Saturday, 9 August 2014

chapter 3 Concept of Infinity

  • Infinity does not stand for any particular real number. In fact, it cannot be defined precisely. This is a deep concept. For any number you can think of, no matter how large, infinity is still larger. When we say that x \to \infty , we mean that x increase in an unbounded fashion, that is, becomes indefinitely large.
  • We cannot apply the normal rules of arithmetic to infinity. For example, saying that
    \infty  - \infty  = 0\,{\rm{or}}\,\dfrac{\infty }{\infty } = 1
    is absurd because such quantities are not defined.
  • It should be clear now that an expression like x \to \infty  defines a tendency (of unbounded increase)
    Consider a dfraction f = \dfrac{{{\rm{Num}}}}{{{\rm{Den}}}}
    As x \to a, if ({\rm{Num}}) \to ({\rm{a \,finite \,number\,}})  and ({\rm{Den}}) \to \infty  , then ftends to become infinitesmally small or f \to 0.
    Such cases are listed out below. Observe the details carefully
    f{\rm{ = }}\dfrac{{{\rm{Num}}}}{{{\rm{Den}}}}
\Rightarrow  Suppose that \mathop {\lim }\limits_{x \to a} \left( {{\rm{Num}}} \right) = 0\,{\rm{and}}\,\mathop {\lim }\limits_{x \to a} \left( {{\rm{Den}}} \right) = 0\,{\rm{or}}\,
 \mathop {\lim }\limits_{x \to a} \left( {{\rm{Num}}} \right) = \infty \,{\rm{and}}\,\mathop {\lim }\limits_{x \to a} \left( {{\rm{Den}}} \right) = \infty

 \left. \begin{array}{l}  \mathop {{\rm{lim}}}\limits_{x \to a} \left( {{\rm{Num}}} \right) = {\rm{infinity}}\\  \mathop {{\rm{lim}}}\limits_{x \to a} \left( {{\rm{Den}}} \right)= {\rm{finite}}  \end{array} \right\} \Rightarrow \mathop {{\rm{lim}}}\limits_{x \to a} f = \infty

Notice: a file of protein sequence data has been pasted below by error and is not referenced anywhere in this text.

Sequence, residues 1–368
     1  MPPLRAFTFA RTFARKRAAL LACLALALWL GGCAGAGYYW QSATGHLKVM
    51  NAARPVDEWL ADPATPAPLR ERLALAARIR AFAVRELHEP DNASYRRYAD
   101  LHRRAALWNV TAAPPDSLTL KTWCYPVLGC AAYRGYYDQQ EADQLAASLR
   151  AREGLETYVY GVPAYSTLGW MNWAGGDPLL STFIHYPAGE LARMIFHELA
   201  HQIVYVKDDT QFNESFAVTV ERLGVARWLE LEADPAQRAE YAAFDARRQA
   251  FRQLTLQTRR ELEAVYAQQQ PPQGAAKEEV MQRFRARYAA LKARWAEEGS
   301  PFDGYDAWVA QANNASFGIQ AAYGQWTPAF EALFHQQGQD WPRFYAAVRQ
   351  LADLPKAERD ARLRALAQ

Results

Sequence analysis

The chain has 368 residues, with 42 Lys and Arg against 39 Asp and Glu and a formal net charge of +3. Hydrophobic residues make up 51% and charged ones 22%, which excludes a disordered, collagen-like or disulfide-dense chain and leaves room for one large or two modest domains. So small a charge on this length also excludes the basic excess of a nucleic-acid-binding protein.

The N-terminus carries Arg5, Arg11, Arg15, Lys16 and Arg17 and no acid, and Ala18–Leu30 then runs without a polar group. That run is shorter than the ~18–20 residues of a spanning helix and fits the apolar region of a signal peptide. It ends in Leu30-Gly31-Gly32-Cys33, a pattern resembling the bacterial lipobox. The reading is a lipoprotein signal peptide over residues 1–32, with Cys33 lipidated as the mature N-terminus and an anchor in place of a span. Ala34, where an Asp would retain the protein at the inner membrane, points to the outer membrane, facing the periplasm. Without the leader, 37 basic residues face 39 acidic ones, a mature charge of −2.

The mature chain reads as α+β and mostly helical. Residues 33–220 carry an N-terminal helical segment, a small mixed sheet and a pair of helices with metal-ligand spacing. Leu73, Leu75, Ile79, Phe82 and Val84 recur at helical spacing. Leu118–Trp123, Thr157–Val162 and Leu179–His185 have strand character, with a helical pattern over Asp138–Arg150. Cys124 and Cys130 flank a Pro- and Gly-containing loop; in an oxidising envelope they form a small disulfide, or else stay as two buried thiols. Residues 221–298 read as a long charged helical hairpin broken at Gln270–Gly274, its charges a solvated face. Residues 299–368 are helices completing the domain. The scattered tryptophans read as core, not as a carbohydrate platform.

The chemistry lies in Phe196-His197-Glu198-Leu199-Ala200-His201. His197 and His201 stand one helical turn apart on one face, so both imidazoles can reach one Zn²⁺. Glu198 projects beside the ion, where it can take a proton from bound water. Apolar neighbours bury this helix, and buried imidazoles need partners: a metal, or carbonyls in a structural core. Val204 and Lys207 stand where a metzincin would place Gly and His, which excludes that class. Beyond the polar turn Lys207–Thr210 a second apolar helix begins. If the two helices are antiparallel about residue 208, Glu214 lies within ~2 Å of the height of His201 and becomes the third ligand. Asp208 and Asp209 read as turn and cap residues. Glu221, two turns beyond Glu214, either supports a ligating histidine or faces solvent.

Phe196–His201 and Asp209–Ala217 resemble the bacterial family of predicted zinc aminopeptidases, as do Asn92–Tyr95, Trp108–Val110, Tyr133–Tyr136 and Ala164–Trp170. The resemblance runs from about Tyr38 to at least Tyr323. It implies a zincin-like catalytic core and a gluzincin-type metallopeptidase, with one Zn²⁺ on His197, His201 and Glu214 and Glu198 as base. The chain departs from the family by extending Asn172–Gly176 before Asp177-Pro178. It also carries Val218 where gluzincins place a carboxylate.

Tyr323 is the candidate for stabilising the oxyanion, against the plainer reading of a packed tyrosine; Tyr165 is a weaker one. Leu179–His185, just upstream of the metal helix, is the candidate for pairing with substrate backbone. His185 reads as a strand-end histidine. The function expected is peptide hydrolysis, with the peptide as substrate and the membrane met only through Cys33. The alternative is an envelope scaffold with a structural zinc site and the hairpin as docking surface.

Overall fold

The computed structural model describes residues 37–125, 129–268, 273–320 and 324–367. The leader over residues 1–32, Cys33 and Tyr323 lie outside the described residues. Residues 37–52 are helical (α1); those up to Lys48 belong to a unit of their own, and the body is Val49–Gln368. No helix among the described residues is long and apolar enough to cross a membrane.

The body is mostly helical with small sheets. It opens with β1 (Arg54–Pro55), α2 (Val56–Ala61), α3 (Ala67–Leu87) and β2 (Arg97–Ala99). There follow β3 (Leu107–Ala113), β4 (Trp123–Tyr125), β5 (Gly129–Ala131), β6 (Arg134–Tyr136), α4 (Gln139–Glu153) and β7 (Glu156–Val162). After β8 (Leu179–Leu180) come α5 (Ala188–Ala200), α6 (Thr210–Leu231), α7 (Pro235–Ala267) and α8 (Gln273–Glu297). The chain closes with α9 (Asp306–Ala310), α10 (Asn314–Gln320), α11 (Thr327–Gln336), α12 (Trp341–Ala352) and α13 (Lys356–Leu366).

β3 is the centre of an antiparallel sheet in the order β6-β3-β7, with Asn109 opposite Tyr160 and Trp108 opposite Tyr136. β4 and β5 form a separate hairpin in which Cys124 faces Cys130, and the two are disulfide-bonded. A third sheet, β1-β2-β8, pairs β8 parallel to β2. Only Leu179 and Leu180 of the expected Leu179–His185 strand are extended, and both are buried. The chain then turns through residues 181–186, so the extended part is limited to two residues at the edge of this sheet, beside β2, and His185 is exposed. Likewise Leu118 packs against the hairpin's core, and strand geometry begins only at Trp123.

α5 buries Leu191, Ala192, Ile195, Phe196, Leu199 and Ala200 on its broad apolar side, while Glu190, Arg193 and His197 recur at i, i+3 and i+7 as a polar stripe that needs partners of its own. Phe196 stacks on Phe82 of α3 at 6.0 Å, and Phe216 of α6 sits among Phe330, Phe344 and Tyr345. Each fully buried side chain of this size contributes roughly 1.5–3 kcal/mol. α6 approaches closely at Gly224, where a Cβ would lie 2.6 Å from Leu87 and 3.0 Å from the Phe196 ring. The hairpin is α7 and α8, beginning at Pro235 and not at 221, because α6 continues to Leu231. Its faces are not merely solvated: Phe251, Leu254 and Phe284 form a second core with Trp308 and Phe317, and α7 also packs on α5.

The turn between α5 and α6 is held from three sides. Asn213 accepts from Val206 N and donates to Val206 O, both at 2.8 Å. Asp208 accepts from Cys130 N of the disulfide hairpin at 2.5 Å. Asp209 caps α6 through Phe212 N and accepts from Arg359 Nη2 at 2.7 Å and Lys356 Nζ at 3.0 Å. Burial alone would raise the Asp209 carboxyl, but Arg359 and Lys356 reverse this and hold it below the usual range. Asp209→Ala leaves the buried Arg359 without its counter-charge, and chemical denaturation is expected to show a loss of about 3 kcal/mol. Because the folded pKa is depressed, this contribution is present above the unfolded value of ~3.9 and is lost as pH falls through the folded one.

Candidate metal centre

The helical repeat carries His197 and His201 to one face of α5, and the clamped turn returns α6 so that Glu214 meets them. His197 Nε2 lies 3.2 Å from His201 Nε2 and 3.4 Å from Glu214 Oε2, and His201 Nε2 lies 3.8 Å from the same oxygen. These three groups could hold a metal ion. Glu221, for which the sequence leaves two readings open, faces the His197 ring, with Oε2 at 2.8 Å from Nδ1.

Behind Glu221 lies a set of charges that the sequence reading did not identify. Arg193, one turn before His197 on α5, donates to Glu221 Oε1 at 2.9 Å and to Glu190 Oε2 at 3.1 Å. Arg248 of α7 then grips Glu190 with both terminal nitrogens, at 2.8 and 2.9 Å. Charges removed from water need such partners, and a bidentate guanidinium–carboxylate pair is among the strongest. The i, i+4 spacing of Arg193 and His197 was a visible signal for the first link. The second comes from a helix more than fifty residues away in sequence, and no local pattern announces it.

\left. \begin{array}{l}  \mathop {{\rm{lim}}}\limits_{x \to a} \left( {{\rm{Num}}} \right) = p\\  \mathop {{\rm{lim}}}\limits_{x \to a} \left( {{\rm{Den}}} \right) = q \ne 0  \end{array} \right\} \Rightarrow \mathop {{\rm{lim}}}\limits_{x \to a} f = \dfrac{p}{q}

f = \dfrac{{ \to 0}}{{ \to 0}}\,{\rm{or}}\,\dfrac{{ \to \infty }}{{ \to \infty }}
Then f is of the form:
The tendency (or limits) of such forms may or may not exist
For example, if ({\rm{Num}}) = {x^2} - 1 and ({\rm{Den}}) = x - 1, then\mathop {\lim }\limits_{x \to 1} \left( {{\rm{Num}}} \right) = 0  {\rm{and}}\mathop {\lim }\limits_{x \to 1} \left( {{\rm{Den}}} \right) = 0,{\rm{so}} that  f  is of the form \dfrac{0}{0}. But as we have seen earlier, the limit of f exists, as x \to 1
\mathop {\lim }\limits_{x \to 1} f = \mathop {\lim }\limits_{x \to 1} \dfrac{{{x^2} - 1}}{{x - 1}} = \mathop {\lim }\limits_{x \to 1} \left( {x + 1} \right) = 2
Limits of the form \dfrac{0}{0},\dfrac{\infty }{\infty },\infty  - \infty ,\infty  \times 0,{1^\infty },{0^\infty } are called indeterminate forms. The limits of such forms may exist but it cannot be determined by simple observation (hence the name indeterminate). Such forms need to be reduced into determinate forms for which the limit can be determined. In the above case, for example, an indeterminate form \left( {\mathop {\lim }\limits_{x \to 1} \dfrac{{{x^2} - 1}}{{x - 1}}} \right) was reduced into a determinate form \left( {\mathop {\lim }\limits_{x \to 1} \left( {x + 1} \right)} \right), whose limit can be determined by substitution of x = 1
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